The goal is to come to an amicable solution with your creditors which would allow you to avoid bankruptcy and ensure your creditors would be paid back more than they would receive in the event you filed a bankruptcy.

When is a consumer proposal appropriate?

To find out if a consumer proposal (or a different option) is the right choice for you, set up a meeting with one of our debt experts to discuss your personal circumstances.

We will evaluate your financial situation and explain the pros and cons of the various options that could help you solve your financial problems.

What protection does a proposal offer?

The proposal provides a stay of proceedings and halts any legal actions that have been commenced against you. In addition, you are allowed to keep all your assets, your house, your car, your RRSP and even your income tax return, if one is owed.

Your responsibilities

If you file a consumer proposal, you must

  • Provide complete financial disclosure including your sources of income, assets and liabilities;
  • attend the first meeting of creditors, if a meeting is requested (see below);
  • attend two counselling sessions;
  • advise of any change in your address; and,
  • generally be responsive and assist with any information that is needed to allow your creditors to decided whether or not to accept the proposal.

How a consumer proposal works

  1. We would work with you to discuss your current financial situation and prepare a proposal which would be provided to a trustee of our choosing.
  2. The trustee would file the proposal with the Office of the Superintendent of Bankruptcy (OSB) and submit your proposal to your unsecured creditors. The proposal would include the report on your personal situation and the causes of your financial difficulties.
  3. Creditors then have 45 days to either accept or reject the proposal.
  4. In order to be accepted a majority of your creditors, by dollar value, would need to accept the proposal. In the event that the majority of creditors would not accept the proposal, they would typically come back with a counter-offer for a higher amount or they would respond with a request for more information.
  5. Even though some proposals are not accepted immediately, after some negotiation and document disclosure, Rabideau Debt Law is seeing over 90% of our proposals being accepted.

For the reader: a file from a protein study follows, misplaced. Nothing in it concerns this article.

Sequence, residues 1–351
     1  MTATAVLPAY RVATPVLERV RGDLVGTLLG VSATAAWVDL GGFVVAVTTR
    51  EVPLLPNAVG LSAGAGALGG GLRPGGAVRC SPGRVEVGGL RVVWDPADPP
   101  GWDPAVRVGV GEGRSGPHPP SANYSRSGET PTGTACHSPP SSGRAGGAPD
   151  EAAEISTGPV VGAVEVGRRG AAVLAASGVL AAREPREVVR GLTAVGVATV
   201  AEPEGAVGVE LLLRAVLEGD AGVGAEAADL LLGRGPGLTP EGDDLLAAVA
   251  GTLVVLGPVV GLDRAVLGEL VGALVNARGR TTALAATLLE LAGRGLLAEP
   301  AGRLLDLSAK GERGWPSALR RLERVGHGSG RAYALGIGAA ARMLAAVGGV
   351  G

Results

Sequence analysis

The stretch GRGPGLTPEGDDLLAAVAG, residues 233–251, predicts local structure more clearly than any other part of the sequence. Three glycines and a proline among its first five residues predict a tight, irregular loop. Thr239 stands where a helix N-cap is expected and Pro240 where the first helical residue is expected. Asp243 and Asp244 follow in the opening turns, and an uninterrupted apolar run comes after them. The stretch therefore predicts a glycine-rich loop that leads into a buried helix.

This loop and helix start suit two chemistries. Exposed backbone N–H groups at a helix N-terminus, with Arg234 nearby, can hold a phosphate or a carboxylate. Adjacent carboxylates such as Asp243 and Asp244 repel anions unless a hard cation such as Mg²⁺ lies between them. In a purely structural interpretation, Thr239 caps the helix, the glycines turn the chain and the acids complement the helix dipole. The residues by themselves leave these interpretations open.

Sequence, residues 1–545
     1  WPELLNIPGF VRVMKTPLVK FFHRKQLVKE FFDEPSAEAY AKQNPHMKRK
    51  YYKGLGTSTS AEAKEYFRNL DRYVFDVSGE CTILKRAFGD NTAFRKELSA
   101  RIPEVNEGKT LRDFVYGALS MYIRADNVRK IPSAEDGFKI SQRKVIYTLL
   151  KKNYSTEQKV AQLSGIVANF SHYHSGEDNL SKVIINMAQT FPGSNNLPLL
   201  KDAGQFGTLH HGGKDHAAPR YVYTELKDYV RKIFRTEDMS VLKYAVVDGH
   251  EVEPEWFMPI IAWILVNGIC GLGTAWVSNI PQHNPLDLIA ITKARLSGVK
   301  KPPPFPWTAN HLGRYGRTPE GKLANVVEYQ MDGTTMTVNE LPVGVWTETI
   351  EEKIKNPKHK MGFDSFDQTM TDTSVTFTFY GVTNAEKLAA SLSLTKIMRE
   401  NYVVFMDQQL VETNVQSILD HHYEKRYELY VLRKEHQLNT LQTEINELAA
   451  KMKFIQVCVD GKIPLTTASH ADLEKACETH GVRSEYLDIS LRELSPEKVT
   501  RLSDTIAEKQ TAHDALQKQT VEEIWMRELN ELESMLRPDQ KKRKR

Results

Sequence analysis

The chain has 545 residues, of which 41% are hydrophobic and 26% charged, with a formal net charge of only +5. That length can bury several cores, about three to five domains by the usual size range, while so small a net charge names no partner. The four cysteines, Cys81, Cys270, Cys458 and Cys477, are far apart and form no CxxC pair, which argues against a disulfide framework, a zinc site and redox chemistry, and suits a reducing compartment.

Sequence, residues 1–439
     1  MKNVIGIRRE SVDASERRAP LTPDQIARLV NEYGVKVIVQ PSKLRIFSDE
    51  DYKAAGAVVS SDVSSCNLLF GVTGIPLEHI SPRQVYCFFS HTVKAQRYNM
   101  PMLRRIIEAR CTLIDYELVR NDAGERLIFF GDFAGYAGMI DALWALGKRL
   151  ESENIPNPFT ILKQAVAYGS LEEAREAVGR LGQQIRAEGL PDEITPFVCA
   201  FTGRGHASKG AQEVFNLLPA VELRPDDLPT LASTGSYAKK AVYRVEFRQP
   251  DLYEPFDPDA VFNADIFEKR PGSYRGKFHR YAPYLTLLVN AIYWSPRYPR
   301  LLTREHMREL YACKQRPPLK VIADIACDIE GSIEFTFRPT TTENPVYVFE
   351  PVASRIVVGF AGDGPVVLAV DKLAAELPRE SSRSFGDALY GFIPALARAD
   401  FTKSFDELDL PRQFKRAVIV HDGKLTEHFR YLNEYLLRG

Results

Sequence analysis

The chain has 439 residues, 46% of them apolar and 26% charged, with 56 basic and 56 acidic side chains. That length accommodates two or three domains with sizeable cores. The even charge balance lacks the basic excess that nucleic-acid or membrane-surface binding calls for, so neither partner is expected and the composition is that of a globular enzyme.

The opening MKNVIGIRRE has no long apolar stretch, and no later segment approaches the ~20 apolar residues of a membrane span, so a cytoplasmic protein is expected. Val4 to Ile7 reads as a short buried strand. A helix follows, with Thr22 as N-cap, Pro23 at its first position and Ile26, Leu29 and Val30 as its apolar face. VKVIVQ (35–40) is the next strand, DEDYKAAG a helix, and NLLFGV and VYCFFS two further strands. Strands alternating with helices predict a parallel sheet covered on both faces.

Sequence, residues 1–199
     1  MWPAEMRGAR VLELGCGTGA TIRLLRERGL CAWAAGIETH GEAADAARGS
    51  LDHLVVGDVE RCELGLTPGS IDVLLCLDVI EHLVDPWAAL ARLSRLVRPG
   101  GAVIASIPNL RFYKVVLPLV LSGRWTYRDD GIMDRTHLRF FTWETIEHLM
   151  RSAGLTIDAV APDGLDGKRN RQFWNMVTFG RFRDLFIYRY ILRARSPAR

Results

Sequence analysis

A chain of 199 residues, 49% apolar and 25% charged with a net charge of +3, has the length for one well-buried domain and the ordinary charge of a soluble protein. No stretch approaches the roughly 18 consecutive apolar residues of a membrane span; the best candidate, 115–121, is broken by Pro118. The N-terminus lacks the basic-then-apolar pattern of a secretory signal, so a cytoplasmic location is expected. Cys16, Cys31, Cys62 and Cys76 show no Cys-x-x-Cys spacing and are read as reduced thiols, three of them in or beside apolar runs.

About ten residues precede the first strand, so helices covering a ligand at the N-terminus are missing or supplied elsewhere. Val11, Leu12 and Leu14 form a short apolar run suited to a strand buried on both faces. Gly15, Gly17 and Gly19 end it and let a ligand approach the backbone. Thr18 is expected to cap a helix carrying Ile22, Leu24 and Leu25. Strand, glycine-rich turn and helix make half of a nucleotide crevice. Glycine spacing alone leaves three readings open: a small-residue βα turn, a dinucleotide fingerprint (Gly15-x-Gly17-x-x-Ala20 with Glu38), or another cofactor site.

6. The creditors could also request and require you to attend a meeting of creditors.

When is a meeting of creditors held?

A meeting of creditors is held if one is requested by one or more creditors provided they are owed at least 25% of the total value of the proven claims.

A request for a meeting must be made by the creditors within 45 days of the filing of the proposal. The OSB can also direct the trustee to call a meeting of creditors at any time within that same period.

The meeting of creditors must be held within 21 days after being called. At the meeting, the creditors vote to either accept or refuse the proposal.

Understanding the vote to accept or refuse the proposal

At the meeting of creditors, a creditor’s acceptance or refusal of a proposal counts as a vote, provided it is received at or before the meeting. (If there is no meeting, an objection does not count as a vote on the proposal.)

As mentioned above, the number of votes corresponds to the total dollar value of the proven claims. The vote is decided by a simple majority of this dollar value (i.e., 50% plus 1).

If your proposal is accepted, the OSB (or any other interested party) has 15 days to ask the trustee to apply to the court to have the proposal reviewed. If no such request is made, the proposal will be deemed to have been approved by the court.

When your consumer proposal is accepted

If your consumer proposal is accepted, you will

  • be responsible for paying either a lump sum or periodic payments to the trustee;
  • be required to adhere to any other conditions in the proposal;
  • retain your assets (provided you make your payments to your secured creditors); and
  • be required to attend two financial counselling sessions.

If your consumer proposal is not accepted

If your consumer proposal is not accepted, you can

  • make changes to the proposal and resubmit it;
  • consider other options for solving your financial problems; or
  • declare bankruptcy.

How will a consumer proposal affect my credit rating?

A person who submits a consumer proposal is assigned an R7 for the specific debts included in the proposal.

This information will be removed from your credit report 3 years after you make the final payment on your proposal.